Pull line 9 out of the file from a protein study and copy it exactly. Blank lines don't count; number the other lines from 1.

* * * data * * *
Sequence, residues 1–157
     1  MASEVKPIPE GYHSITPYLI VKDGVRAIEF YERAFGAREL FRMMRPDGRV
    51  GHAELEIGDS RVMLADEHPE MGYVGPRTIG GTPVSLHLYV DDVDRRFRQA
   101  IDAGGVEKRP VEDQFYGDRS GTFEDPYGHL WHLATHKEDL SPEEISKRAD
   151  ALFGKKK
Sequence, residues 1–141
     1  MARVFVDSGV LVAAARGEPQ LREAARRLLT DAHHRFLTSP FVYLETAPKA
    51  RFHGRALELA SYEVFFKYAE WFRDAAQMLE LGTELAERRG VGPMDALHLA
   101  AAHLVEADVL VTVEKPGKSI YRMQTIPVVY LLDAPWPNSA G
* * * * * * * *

   101  AAHLVEADVL VTVEKPGKSI YRMQTIPVVY LLDAPWPNSA G